What I learnt from NOT making my goal at Marine Corps Marathon

What I learnt from NOT making my goal at Marine Corps Marathon

I had made no secret of my goal for Marine Corps Marathon (marathon #7) and on race day, I fell short. Although I had a wonderful experience at the MCM weekend , I missed my goal and my final time did not reflect the amount of training I had put in. I wrote about my wonderful experience and also about my heartbreak on race day. 

After having time to think back a bit, I’m reflecting on some of the lessons I think I’ve  learnt through the training cycle and on race day. 

Believe in yourself

All the training and hard work come to naught if it is not accompanied by self belief. And backing up the belief should be the coursge to make a push for a bold move.

I may have not made my goal, but the fact that I went in with a plan to give it a good shot speaks volumes about my belief that I could achieve (it hasn’t been easy learning to believe). I think that the belief has played a major part in why I have not completely drowned in sorrow at my results. I believe I can get there and if not this time, then next time. If not next time, then the time after. 

You win some, You lose some

Going into MCM, there was no doubt in my mind of the outcome. It wasn’t even a question of if I’d PR, it was a question by how much. When I read back to my emotions during the race, I still feel the sting of tears and an overwhelming sadness. How in the world did the outcome change so much than what I thought it would be?

I had an unexpectedly awesome race at the Craft Classic Half Marathon. I won that day. This time, I lost at Marine Corps Marathon.

That’s not to say that there won’t be more. There will be lots more races in my future. I will succeed marvelously in some, and will fall flat heartbreakingly in some. You win some, you lose some, you learn from all.

Always earned, Never given

In my detailed race report, I wrote on receiving my medal from a Marine that day – “Being medaled by a marine was way more than I deserved that day.”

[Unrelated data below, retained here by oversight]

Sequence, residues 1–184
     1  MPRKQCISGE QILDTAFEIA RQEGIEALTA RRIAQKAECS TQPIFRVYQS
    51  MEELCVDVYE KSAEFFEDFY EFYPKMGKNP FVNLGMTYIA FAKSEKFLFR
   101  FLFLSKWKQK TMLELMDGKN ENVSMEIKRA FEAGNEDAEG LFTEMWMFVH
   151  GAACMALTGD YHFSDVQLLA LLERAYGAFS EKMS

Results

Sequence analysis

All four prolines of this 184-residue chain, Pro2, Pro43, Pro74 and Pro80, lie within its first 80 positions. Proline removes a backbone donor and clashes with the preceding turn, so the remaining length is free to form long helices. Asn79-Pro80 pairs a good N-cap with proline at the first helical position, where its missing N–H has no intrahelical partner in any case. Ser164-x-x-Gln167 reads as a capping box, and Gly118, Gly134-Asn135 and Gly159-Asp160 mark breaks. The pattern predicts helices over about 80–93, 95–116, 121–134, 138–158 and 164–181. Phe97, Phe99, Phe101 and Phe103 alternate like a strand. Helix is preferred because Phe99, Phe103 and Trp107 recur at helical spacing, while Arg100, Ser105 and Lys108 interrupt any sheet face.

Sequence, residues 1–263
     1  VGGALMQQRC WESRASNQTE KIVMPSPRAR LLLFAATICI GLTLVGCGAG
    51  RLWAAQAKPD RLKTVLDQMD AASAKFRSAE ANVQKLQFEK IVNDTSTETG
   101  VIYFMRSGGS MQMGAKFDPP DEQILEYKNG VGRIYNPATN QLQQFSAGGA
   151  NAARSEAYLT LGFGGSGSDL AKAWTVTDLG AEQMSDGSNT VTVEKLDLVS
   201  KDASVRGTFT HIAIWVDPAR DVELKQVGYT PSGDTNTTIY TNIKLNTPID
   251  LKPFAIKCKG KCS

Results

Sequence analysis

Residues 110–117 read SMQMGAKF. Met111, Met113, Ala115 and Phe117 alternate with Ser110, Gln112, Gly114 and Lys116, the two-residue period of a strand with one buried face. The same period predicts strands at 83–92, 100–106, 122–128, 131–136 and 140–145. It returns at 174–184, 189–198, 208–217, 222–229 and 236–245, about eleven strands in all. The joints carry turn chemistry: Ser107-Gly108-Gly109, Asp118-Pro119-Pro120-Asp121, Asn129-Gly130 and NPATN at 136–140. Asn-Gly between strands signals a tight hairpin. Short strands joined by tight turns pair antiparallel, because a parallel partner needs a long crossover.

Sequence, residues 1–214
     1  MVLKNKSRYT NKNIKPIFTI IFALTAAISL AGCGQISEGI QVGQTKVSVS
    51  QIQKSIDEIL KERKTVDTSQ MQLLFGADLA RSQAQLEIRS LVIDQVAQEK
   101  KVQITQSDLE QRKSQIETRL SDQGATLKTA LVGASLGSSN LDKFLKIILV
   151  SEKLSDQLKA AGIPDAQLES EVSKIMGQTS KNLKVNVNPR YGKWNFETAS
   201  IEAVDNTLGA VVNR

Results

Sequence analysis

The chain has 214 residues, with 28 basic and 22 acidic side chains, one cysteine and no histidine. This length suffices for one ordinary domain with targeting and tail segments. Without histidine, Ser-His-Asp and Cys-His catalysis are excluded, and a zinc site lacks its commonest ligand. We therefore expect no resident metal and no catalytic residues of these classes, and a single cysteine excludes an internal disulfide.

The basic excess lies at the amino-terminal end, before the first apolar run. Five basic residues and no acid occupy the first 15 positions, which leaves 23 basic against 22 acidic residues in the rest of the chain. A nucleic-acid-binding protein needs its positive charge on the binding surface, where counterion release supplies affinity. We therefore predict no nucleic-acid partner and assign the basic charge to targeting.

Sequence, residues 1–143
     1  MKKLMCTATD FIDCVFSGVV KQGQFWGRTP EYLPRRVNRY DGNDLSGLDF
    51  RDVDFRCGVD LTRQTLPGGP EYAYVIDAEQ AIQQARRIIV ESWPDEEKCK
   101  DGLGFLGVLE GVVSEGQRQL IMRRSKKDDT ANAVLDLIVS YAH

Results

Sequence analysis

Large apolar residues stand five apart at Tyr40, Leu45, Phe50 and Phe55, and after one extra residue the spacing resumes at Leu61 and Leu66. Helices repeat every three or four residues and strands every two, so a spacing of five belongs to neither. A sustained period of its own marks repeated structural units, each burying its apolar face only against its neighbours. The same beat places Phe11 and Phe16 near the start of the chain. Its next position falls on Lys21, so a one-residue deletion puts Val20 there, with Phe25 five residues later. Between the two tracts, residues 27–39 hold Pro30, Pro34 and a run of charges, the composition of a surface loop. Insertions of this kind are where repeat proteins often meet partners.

On reading the race report, a friend texted me, “You just ran a marathon, woman. Take pride in that before you look at the failure.”

After my A goal (best race scenario), B goal (safe bet that I can get to), my C goal (no way I’m not making this) all kept vanishing one by one, my new improvised goal was a prayer of “please let me finish under 6hrs, please let me finish under 6hrs, please let me finish under 6hrs”. It would’ve been so comforting to walk the last 7 miles in. Attempting to keep going after the goals had long gone – so in some tiny way, perhaps I did earn it. 

No Regrets

I want to go into a race without regrets on how my training went – I did.

I want to finish a race without regrets at what I could’ve done – I did (even when you discount the finish time).

And that’s how I try to face everything – to go into it without regrets and to come out of it without regrets knowing that I did everything I had in my control. 

(My favorite sportsperson for life was/is Steve Waugh, ex-captain of the Australian Cricket team. He is also a gripping writer and one of his tour diaries is called ‘No Regrets’, chronicling the team’s loss, taking risks and eventual success in the 1999 World Cup.)

Be Thankful, Be Grateful

I think in all my emotional state during the race and even before, I forgot this very basic fact.